Difficulty rating (out of five): 🌟🌟

A bit of a Shakespearean theme this Tuesday thanks to Radian, and also thanks to the comments on the other side for expanding on what it’s all about. I must admit that it’s still a bit of a mystery to me, but no doubt Cornick can expand further. We have a few oddities in the grid today, including the hidden word at 16ac, 8ac which I was sure must have been wrong, and the unexpected use of 24ac, but on the whole this was a fairly easy going puzzle that came as a relief, and a re-realisation of how enjoyable crosswords can be, following yesterday’s toils. The definition at 13d floored me a little, but everything else was understood on solving and confidently entered. What a difference a day makes!

COD? Loads and loads to appreciate, as expected with Radian, with my nomination going to 11ac – “Roast, singe and carve beef and grouse, say (10)”.

All the answers and parsing of the clues can be found in Fifteensquared’s blog from June 2018:


Do you know how many pieces of verse have been written about butterflies? I must admit to having been previously unaware, but have now read a great deal on the subject. We were looking for a male author, which ruled out many of the thousands on offer, and Wordsworth thanks to the hint in the preamble ruling out a further two, but that still left Pavel Friedman, Robert Frost, Thomas Higginson, William Lisle Bowles, and even Lewis Carroll amongst others, the latter thanks to a scan of the ODQ and a likely looking ditty regarding butterflies and mutton-pie.

I would add that a good twenty-four hours were spent agonising about which particular bit of verse we should be applying. Because while the butterfly was evidently the common factor in the extra words in the across clues, how to cryptically represent it was a different matter. My serious consideration for a long time was synonyms for butter and flies. Ifor, the wag, had anticipated this with SHEA, two RAMs, a GOAT, and TSETSES dotted about the grid, together with others no doubt I thankfully haven’t found.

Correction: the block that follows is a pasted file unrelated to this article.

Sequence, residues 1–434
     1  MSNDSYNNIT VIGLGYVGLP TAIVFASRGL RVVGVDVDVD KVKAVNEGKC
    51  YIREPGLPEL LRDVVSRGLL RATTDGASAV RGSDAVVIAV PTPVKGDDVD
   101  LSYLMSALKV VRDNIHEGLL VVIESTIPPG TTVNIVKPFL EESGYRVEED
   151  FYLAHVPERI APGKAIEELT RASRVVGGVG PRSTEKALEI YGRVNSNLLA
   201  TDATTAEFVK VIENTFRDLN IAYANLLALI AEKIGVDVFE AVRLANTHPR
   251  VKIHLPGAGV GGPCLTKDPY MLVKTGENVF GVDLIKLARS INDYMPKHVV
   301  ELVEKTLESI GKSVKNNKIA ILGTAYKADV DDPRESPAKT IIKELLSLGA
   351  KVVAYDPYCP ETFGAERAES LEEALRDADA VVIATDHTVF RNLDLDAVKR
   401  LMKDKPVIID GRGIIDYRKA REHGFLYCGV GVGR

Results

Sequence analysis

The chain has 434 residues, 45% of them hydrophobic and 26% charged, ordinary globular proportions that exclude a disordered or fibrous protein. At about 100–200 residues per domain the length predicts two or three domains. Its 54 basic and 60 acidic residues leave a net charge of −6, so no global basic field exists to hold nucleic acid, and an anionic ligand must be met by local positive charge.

So it would be, rather battered and bruised, accompanied by feelings of general despair and self-loathing, that I would chance on a poem by Alexander Pope that mentioned a butterfly, being from the Epistle to Dr Arbuthnot – “Who breaks a butterfly upon a wheel?”

The word WHO in the grid indeed breaking up BUTTERFLY.

I’m presuming we need to turn the wheel, creating new words, which I’ve done, perhaps correctly, perhaps not, and it feels even more of a stretch than that required to find the correct verse and apply it.

Which is to say that this weekend’s puzzle falls foul of my bΓͺte noire – the reasonably straightforward grid fill (which was most enjoyable), followed by substantially more effort required to unpick an end-game that seemed to involve a lot of guess-work. Perhaps the Abbot Ale consumed the night before won’t have helped. Or the illness sweeping through the household. You’ll probably tell me you sailed through this. But never mind, there’s always next week, and I will admit that the anagram of the author’s name in the right hand column is pretty neat. It’s just a pity I didn’t spot it until after completion. Perhaps it was the beer…


Difficulty rating (out of five): 🌟🌟

Today’s puzzle can be found online here, available for free, though you do need to register first:

Hairstyles of various descriptions this Sunday, which I must admit passed me by completely, perhaps because I was preoccupied with the references to bees, and the somewhat odd word at 17ac. This was all solved in a jiffy, nonetheless, with a question mark against the parsing for 15d, and several false starts with the I at 5ac. Having hive in both the clue and answer at 1ac struck me as being a little odd, but the rest was I think sound and without controversy. An enjoyable Sunday diversion should you be looking for one.

COD? I’ll go with 17d – “Crack cocaine’s related to immorality (7)”.

All the answers and parsing of the clues can be found in Fifteensquared’s blog from May 2018:


Difficulty rating (out of five): 🌟